(Fort Wayne, IN) -- In honor of World Breast Feeding Week, Indiana's health commissioner will open a breast milk depot in Muncie Thursday -- the state's third.
You may recall that we first reported on the donated breast milk movement back in November.
Donated breast milk is pasteurized at the Indiana Mothers' Milk Bank in Indianapolis, then shipped to babies who need it.
And experts say there's a reason why breast-fed babies are generally healthier than infants who drink formula.
Dr. Deborah McMahan/Allen Co. Health Commissioner: "It also passes immunity while the baby's immune system is certainly just developing. They'll get what we call passive immunity because antibodies that are present in the breast milk will help prevent certain infections and diseases in the baby. So it's incredibly important."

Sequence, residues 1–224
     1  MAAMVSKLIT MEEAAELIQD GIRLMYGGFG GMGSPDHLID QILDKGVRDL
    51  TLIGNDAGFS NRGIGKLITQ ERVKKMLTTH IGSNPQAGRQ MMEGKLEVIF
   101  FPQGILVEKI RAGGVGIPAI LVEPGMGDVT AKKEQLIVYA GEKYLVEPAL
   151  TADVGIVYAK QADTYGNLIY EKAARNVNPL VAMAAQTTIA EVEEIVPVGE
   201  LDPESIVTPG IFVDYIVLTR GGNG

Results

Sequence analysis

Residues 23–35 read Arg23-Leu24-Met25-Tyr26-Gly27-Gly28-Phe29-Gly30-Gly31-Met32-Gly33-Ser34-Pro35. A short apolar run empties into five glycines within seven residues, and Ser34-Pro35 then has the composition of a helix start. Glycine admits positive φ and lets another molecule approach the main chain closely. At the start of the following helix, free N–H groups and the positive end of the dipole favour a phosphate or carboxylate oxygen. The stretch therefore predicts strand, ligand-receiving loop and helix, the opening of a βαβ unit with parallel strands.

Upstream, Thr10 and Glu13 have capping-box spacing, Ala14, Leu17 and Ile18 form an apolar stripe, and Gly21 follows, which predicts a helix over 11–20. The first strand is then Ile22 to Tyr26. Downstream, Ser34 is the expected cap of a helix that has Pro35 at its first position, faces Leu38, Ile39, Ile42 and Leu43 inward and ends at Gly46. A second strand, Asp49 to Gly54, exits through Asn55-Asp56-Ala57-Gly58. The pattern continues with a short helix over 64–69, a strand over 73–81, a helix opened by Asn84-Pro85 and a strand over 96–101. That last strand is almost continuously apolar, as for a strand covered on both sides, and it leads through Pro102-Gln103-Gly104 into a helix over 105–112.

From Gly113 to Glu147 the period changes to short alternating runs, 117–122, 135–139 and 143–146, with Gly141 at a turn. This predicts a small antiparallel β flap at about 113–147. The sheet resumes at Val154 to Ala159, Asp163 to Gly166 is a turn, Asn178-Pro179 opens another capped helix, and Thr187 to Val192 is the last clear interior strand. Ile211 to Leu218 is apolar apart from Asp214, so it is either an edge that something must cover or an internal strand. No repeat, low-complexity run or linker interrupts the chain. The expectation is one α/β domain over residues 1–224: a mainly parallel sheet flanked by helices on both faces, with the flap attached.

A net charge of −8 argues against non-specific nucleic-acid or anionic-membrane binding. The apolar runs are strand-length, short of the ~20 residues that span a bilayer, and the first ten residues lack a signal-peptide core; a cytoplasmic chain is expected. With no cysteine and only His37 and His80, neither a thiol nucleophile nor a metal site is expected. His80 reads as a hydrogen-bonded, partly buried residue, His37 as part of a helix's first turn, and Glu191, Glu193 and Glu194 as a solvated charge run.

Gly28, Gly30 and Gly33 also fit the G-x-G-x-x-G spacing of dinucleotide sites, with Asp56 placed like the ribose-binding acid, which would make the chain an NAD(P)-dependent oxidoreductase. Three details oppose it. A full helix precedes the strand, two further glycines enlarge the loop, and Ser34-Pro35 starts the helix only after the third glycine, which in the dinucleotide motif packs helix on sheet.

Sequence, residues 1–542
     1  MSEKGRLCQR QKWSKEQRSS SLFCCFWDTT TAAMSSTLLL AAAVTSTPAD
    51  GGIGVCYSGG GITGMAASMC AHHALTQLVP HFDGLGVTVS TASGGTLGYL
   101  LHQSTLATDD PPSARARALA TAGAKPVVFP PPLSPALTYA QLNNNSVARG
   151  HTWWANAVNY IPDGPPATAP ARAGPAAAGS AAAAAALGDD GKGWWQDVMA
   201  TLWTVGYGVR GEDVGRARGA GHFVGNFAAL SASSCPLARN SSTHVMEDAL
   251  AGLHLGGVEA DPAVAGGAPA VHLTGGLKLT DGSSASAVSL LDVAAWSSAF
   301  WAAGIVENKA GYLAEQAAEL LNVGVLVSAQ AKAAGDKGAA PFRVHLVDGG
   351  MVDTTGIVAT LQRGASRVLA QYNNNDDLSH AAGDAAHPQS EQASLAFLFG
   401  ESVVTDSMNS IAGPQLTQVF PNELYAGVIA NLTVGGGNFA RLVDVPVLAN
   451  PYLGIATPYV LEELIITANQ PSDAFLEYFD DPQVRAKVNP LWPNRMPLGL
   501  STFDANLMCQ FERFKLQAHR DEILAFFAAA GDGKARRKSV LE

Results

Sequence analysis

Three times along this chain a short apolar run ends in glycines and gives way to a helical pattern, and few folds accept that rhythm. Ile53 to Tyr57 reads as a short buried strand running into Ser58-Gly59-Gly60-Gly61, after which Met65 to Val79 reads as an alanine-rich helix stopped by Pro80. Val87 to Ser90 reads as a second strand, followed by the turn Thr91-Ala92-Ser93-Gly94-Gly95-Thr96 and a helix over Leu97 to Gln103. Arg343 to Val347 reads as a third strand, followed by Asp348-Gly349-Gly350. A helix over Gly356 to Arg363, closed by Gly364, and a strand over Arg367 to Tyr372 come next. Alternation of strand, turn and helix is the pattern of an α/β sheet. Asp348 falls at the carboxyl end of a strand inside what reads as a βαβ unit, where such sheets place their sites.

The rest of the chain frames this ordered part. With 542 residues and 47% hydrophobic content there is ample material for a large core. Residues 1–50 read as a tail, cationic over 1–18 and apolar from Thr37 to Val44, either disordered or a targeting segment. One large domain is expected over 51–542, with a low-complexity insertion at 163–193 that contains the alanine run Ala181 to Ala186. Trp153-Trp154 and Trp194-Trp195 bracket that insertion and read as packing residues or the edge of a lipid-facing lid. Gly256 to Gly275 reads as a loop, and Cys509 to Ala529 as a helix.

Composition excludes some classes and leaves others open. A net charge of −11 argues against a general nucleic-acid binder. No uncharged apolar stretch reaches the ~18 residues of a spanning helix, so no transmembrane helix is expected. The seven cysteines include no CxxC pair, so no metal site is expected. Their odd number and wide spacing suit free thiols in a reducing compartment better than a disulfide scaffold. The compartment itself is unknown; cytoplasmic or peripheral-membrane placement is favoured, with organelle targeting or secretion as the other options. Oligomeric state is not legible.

She says breast milk babies also have higher IQ's, and fewer hospitalizations, urgent doctor visits, and ear infections.
And babies can get those benefits, whether the milk is from its birth mother or not.
One of the biggest places to use donated breast milk is in a neo-natal intensive care unit like the one at Lutheran Hospital. And the lactation consultants we talked to say it's definitely used.
JK Wagner/Lactation Consultant: "A baby who's two pounds is having a very different outcome with breast milk. And congenital problems, some babies are allergic to formula. Surgery, some babies need extra help after surgery. So there's a lot of reasons they would need it."
The Indiana Mothers' Milk Bank is in preliminary talks with Lutheran Hospital to see what it would take to establish a milk depot there.
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